Stop those antiplatelet drugs before surgery!


Patients presenting for urological surgery commonly take a combination of antiplatelet medications. Indications for drugs like aspirin, NSAIDs and the newer platelet inhibitors, e.g. platelet glycoprotein receptor inhibitors, are widespread because of the comorbidity in arterial disease associated with advancing age and general medical conditions in this population of patients. Medications are taken to reduce the risk of potentially catastrophic cardiovascular and cerebrovascular events.

Surgery in urological patients can have a thrombogenic influence with a recognized risk of peri-operative vascular events such as deep vein thrombosis, pulmonary embolism, myocardial infarction and stroke. Platelet inhibitors can lead to difficulty in surgical haemostasis through altered platelet physiology. Re-operation for postoperative bleeding is clearly undesirable because of the additional surgical and anaesthetic risks with prolonged hospital stay. The additional cost of further surgery with postoperative high dependency or intensive care is considerable.

The problem is that if a patient is taking antiplatelet therapy, routine screening of coagulation profiles will not reveal an increased bleeding time or reduced platelet function. Many of the antiplatelet drugs are relative newcomers to drug formularies and to date the clinical studies reported are inconclusive about the risk to patients undergoing surgery. This is because of discrepancies arising relating to the heterogeneity of the populations studied, the varied types of surgical procedures and differing dosing strategies [1].

Regional anaesthesia such as spinal or epidural block is frequently the method of choice for many urological procedures. If drugs like clopidogrel (Plavix) or aspirin are prescribed, there may be a risk of haematoma formation, which must be balanced against the risk of vascular occlusion if the antiplatelet therapy is stopped. Platelet transfusion may be required as the first-line therapy if significant bleeding occurs in the operative period [2].

Aspirin and NSAIDs inhibit platelet cyclo-oxygenase, thereby generating blockade in the formation of thromboxane A2. These medications produce a systemic bleeding tendency by impairing thromboxane-dependent platelet aggregation and consequently prolonging bleeding time. Aspirin exerts these effects by the irreversible blockade of cyclo-oxygenase and therefore its effect persists for the circulating lifetime of the platelet. NSAIDs other than aspirin cause reversible inhibition of cyclo-oxygenase. The duration of action depends on dosage, serum level and half-life. The clinical risks of these medications are enhanced by concomitant use of alcohol, anticoagulants and other patient factors, e.g. existing coagulopathies.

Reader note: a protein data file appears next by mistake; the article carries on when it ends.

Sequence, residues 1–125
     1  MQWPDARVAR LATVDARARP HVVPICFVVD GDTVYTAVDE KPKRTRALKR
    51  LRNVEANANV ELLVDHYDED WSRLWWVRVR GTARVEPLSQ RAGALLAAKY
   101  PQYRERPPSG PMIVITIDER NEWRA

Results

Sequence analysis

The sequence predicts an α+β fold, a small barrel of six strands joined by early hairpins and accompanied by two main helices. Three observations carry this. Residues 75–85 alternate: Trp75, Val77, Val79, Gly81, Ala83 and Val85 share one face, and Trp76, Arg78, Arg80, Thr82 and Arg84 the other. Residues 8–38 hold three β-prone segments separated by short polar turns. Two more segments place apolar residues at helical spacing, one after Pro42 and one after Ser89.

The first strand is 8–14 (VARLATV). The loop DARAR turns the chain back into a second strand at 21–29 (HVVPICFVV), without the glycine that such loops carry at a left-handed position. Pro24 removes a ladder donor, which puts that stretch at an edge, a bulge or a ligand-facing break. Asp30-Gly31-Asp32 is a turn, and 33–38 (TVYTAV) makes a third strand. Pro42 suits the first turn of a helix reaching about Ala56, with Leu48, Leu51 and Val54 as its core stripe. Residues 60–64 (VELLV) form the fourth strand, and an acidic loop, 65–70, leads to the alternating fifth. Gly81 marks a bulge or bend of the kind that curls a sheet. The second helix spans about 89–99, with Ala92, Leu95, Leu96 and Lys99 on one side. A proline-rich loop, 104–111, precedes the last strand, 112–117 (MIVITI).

More recently, a newer class of irreversible, noncompetitive platelet aggregation inhibitors, e.g. clopidogrel, is becoming increasingly popular. Compared with aspirin, it has been shown to provide a 31% relative risk reduction of vascular death, myocardial infarction, stroke and re-hospitalization in patients with a history of cardiac surgery. It exerts its action through the blockade of adenosine diphosphate receptor, P2T with a maximum of 60% inhibition of ADP-induced platelet aggregation after 3–5 days. Clopidogrel has a favourable safety profile and is associated with a reduction in gastrointestinal haemorrhage, making it an attractive alternative to aspirin. Like other thienopyridine derivatives, patients on this medication have deranged haemostatic functions. Coagulation will gradually return to its normal function only after the affected platelets have being replaced. Consideration should be given to withholding these agents for 7 days before elective surgery [3].